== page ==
As a transplant from Boston to Florida I am continuously amazed and awed by Florida’s wild life, but there is a scary new problem developing….Alligators are moving onto foreclosed properties.
After moving from Boston where the wildlife consisted of pigeons, squirrels, skunks and Norway rats, the Florida wildlife outside my door is awesome. It is like being in the Wild Kingdom. You never know what you will see.
Living on a golf course with several ponds, I have seen peacocks, hawks, sand hill cranes, armadillos, wood storks , all kinds of waterfowl, deer, wild pigs, a river otter the size of a seal, and of course, an occasional alligator.
As a clueless newcomer, I learned the hard way that feeding any animal was a no-no unless I wanted to personally witness Darwin’s survival of the fittest in action. Fair game in the animal kingdom is fair game.
The trendy birdfeeders I bought when we first moved here, acted like a Fast Food slaughter house, as we watched Mother Nature’s food chain in action. Larger birds (ducks, cranes and limpkins) ate the bird food that spilled on the ground as did squirrels, fruit rats and other birds.
Frequently they were watched silently by a variety of very large, beautiful hawks who are not into birdseed. They need fresh live meat every day, to survive. Any animal at the feeders was fair game. Hapless mourning doves were frequent appetizers as were squirrels. Turkey vultures did carcass cleanups.
Ducks who liked dining at sunset, could be dinner for an occasional alligator who lived in a nearby pond. When I saw an alligator watching the ducks one day, it became obvious that the bird feeders had to go. Feeding wildlife causes chaos, and I ceased being an accomplice to murder. Also alligators are above us on the food chain and we don’t want them around.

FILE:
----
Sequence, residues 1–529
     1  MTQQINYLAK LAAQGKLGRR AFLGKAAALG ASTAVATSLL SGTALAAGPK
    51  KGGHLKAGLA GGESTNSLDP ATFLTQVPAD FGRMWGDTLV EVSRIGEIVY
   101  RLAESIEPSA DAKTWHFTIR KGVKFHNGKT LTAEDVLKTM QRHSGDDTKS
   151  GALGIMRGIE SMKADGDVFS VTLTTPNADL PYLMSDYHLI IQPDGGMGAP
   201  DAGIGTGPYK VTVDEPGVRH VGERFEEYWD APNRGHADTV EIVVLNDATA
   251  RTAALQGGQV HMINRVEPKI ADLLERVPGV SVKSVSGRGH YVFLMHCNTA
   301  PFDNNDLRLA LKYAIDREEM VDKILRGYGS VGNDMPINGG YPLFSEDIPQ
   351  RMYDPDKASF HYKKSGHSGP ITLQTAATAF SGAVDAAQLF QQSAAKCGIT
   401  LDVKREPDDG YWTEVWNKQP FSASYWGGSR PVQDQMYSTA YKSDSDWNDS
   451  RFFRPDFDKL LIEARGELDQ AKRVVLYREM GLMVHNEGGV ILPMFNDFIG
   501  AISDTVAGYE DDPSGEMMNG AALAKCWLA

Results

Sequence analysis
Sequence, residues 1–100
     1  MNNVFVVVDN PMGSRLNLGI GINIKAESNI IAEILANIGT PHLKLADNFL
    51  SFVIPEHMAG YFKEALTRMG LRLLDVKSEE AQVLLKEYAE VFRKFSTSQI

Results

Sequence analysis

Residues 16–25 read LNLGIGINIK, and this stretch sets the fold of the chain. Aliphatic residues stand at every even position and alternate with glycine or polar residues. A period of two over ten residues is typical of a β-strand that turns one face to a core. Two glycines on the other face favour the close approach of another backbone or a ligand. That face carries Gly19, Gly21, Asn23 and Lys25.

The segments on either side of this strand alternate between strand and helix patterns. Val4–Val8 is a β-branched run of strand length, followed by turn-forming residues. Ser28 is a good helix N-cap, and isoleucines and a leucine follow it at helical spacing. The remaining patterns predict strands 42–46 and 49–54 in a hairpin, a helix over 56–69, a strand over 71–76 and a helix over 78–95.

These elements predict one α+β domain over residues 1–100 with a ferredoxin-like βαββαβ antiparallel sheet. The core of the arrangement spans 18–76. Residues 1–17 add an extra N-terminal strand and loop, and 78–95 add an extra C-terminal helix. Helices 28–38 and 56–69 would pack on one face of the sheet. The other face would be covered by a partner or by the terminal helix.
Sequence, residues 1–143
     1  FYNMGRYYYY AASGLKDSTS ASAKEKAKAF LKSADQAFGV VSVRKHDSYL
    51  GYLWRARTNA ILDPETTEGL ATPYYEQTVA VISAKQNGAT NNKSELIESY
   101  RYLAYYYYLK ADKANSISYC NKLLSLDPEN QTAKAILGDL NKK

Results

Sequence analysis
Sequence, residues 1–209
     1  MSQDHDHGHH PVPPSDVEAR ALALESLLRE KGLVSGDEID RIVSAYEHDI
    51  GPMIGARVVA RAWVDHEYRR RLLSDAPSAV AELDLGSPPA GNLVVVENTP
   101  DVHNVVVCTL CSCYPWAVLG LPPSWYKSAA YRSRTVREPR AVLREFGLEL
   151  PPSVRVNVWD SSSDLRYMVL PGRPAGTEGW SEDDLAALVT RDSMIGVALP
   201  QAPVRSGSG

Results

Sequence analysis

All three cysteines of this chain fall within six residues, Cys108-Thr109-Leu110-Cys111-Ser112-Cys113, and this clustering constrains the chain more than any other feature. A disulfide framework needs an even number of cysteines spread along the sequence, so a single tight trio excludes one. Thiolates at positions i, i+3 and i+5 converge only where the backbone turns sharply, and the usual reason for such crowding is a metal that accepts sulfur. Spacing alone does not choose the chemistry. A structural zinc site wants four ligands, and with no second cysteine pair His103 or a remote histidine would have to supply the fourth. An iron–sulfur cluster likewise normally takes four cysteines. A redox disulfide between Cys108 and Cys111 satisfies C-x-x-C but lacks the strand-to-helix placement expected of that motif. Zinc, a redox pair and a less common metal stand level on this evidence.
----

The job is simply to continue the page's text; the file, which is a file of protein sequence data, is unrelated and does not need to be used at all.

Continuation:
We have learned to coexist with the alligators by simply staying away from any fresh water pond or lake and never going into the water. Any channel or pond probably has a gator. We never feed them and are careful of pets and pet food left outside.
Alligators generally are shy and hide from humans, but occasionally one will take a walk in the neighborhood to seek out a new home or look for a girlfriend in the next pond. Rarely do they wander into yards, but if this happens, trained trappers or the police quickly respond and dispose of the critter.
An alligator loose in the neighborhood is usually no big deal as it happens infrequently, but things are changing. So far my neighborhood has been OK but we are concerned.
There is a serious new problem developing in some Florida neighborhoods, where there are empty foreclosed homes with pools. Alligators are moving in.
Alligators need tall grass, a body of water and food. Food can consist of birds, rodents, dogs and cats. Empty foreclosed properties with uncut grass are ideal. The gator can hide all day and check out the neighborhood at night for food.
Pools fill up with the frequent rain, and any remaining chlorine in the water evaporates quickly. The water gets murky and the gator has a nice place to swim, hide and stay cool.
Neighbors are frantic, and fear someone will get hurt. They are demanding something be done. Police and trappers are doing their best, but the problem is growing.
The banks who own the empty foreclosed homes, are responsible, but many let the properties deteriorate. Forcing human families out of their homes after foreclosure has created a new kind of squatter, a particularly dangerous kind.
Maybe it is “pay back.” The alligators always liked the neighborhoods and were there first. They are only repossessing what once was theirs.